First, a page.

by Anna Cavallo
Show of hands: how many of you know or remember how to integrate a function? For me, calculus fell in the “use it or lose it” category, and thus I lost it sometime after my first year of college. But Steven Strogatz’s recent series of math columns in the New York Times were a vivid reminder of how much calculus fascinated me. I even have a math team T-shirt with the symbols Σ α ∫ Γ (sigma, alpha, integral, gamma)—meant to look like “East,” my high school—a relic of my enthusiasm while first exploring calculus. (I can’t bring myself to wear this shirt anymore, though I also can’t bear to get rid of it. The back features funny sayings riddled with suggestive math puns.) I have a nostalgia for calculus as if it were an old friend I’d lost touch with. The math I now use daily is extremely basic by comparison, though quite handy. I estimate travel times. I mentally calculate my running pace or distance. I add up the change in my wallet for a trip to the vending machine. Derivatives and integrals seem almost as mystifying as they did on the first day of Calc I.
For young students, each new math concept—be it adding and subtracting time or understanding pi—may at first be as perplexing as calculus is to a newbie. But putting math in context can give it relevance and help make it approachable. This could be having students use toy clocks; it could be a fractions lesson with pizza slices; it could be a board game involving play money. Books in several LPG imprints also put math in context, using entertaining illustrations and stories or verse. The Clock Struck One, part of the Math Is Fun! series from Millbrook Press, takes early readers on an animal chase hour by hour. And the Manga Math Mysteries, part of Graphic Universe, present highly visual adventures in which kung fu students use math to solve mysteries. (They can do some pretty cool kung fu moves, too.)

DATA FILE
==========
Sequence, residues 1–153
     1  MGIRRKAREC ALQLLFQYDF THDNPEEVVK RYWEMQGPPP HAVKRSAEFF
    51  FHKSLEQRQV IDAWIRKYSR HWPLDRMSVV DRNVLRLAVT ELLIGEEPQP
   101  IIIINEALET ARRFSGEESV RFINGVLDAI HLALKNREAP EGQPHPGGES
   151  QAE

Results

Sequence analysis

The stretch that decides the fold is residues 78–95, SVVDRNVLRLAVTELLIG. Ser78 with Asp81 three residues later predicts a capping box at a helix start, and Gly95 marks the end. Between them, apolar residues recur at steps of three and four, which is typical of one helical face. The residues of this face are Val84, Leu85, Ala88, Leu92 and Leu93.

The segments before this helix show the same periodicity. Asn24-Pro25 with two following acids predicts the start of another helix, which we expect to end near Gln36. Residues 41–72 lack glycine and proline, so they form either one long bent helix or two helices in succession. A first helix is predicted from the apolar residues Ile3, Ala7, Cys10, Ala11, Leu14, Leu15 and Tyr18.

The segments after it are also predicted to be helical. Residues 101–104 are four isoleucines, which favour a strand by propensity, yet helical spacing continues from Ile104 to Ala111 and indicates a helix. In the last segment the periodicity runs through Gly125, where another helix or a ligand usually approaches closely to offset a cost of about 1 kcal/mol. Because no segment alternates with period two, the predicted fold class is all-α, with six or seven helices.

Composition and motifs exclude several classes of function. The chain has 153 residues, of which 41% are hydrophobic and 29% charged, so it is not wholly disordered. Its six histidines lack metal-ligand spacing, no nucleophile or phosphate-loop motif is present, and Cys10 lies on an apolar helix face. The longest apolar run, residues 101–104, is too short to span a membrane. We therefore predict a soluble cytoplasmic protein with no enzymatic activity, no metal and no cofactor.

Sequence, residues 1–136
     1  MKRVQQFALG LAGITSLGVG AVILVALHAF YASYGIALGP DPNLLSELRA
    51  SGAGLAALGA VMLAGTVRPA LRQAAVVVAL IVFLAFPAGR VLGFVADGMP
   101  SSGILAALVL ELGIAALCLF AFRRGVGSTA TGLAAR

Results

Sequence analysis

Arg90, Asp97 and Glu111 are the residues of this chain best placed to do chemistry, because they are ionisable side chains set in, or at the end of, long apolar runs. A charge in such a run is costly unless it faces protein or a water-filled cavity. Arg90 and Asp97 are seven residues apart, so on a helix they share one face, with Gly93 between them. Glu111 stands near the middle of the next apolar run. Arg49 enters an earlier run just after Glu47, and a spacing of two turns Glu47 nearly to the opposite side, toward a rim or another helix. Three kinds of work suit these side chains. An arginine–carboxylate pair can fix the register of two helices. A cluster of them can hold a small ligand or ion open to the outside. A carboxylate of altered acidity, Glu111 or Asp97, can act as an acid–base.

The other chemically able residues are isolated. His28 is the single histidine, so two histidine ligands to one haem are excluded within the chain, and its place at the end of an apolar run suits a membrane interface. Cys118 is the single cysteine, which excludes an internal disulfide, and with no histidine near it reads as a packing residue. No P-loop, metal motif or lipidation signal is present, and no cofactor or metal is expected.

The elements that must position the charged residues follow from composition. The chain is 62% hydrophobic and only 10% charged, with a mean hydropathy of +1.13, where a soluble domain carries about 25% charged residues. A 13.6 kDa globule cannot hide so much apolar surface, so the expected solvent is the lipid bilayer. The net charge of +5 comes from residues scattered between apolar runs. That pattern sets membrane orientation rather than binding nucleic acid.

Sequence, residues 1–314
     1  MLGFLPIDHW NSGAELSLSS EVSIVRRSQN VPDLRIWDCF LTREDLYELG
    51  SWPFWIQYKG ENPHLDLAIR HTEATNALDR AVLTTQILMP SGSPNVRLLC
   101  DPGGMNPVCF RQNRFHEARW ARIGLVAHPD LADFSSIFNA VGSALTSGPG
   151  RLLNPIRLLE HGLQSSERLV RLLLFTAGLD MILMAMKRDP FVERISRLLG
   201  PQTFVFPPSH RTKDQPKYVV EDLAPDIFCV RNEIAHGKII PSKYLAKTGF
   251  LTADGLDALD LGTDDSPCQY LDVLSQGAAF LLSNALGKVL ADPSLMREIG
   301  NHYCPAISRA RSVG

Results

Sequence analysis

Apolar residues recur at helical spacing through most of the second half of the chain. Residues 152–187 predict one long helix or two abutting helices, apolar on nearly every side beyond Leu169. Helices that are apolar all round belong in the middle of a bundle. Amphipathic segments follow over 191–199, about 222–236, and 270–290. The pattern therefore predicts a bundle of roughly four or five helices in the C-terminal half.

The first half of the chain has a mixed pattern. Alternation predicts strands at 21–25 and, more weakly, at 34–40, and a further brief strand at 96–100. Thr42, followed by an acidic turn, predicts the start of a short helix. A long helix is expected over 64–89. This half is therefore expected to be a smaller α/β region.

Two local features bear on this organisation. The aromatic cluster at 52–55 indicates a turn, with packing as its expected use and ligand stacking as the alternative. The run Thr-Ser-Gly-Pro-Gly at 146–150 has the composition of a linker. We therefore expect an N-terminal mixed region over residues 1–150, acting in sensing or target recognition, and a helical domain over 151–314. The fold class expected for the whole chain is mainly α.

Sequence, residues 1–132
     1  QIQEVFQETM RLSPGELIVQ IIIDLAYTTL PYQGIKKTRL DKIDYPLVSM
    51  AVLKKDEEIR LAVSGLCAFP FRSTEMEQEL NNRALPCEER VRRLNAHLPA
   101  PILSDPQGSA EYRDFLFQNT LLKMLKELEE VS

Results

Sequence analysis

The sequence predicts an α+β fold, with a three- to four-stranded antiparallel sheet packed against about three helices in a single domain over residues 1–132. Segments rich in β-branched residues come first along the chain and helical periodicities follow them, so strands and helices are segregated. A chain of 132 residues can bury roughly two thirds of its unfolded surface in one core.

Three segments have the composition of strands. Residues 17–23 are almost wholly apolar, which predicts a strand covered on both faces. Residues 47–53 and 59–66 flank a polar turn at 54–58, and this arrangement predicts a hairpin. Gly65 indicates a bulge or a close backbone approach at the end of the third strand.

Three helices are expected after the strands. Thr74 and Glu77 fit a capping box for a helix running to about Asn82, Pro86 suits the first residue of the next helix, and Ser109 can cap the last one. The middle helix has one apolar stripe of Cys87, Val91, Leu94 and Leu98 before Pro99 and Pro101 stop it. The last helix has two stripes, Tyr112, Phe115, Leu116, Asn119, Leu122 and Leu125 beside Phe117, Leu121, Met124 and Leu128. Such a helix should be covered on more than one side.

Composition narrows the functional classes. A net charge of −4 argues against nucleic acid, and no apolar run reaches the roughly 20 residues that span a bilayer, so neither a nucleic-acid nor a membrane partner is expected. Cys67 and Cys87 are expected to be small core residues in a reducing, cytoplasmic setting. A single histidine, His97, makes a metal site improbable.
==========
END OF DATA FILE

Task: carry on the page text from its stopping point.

My Calc 1 teacher gave us blobs of play dough to mold and revolve while we were learning to find the volume of solids of revolution. To introduce the chain rule of derivatives, in which you unpack components one by one, she brought in matryoshka dolls. (She was a fantastic calc teacher, needless to say.) I would say I wish we also had graphic novels, but perhaps showing all the steps to solve a problem at that level would make for a less-than-thrilling visual.
Everyone learns differently. A textbook is enough for some. But putting math in context can help all students solidify their grasp on a concept, so that they are ready to use it in daily life (“Can my allowance buy this?”) and also ready to move to more advanced concepts—and someday, maybe even enjoy the wonder of calculus.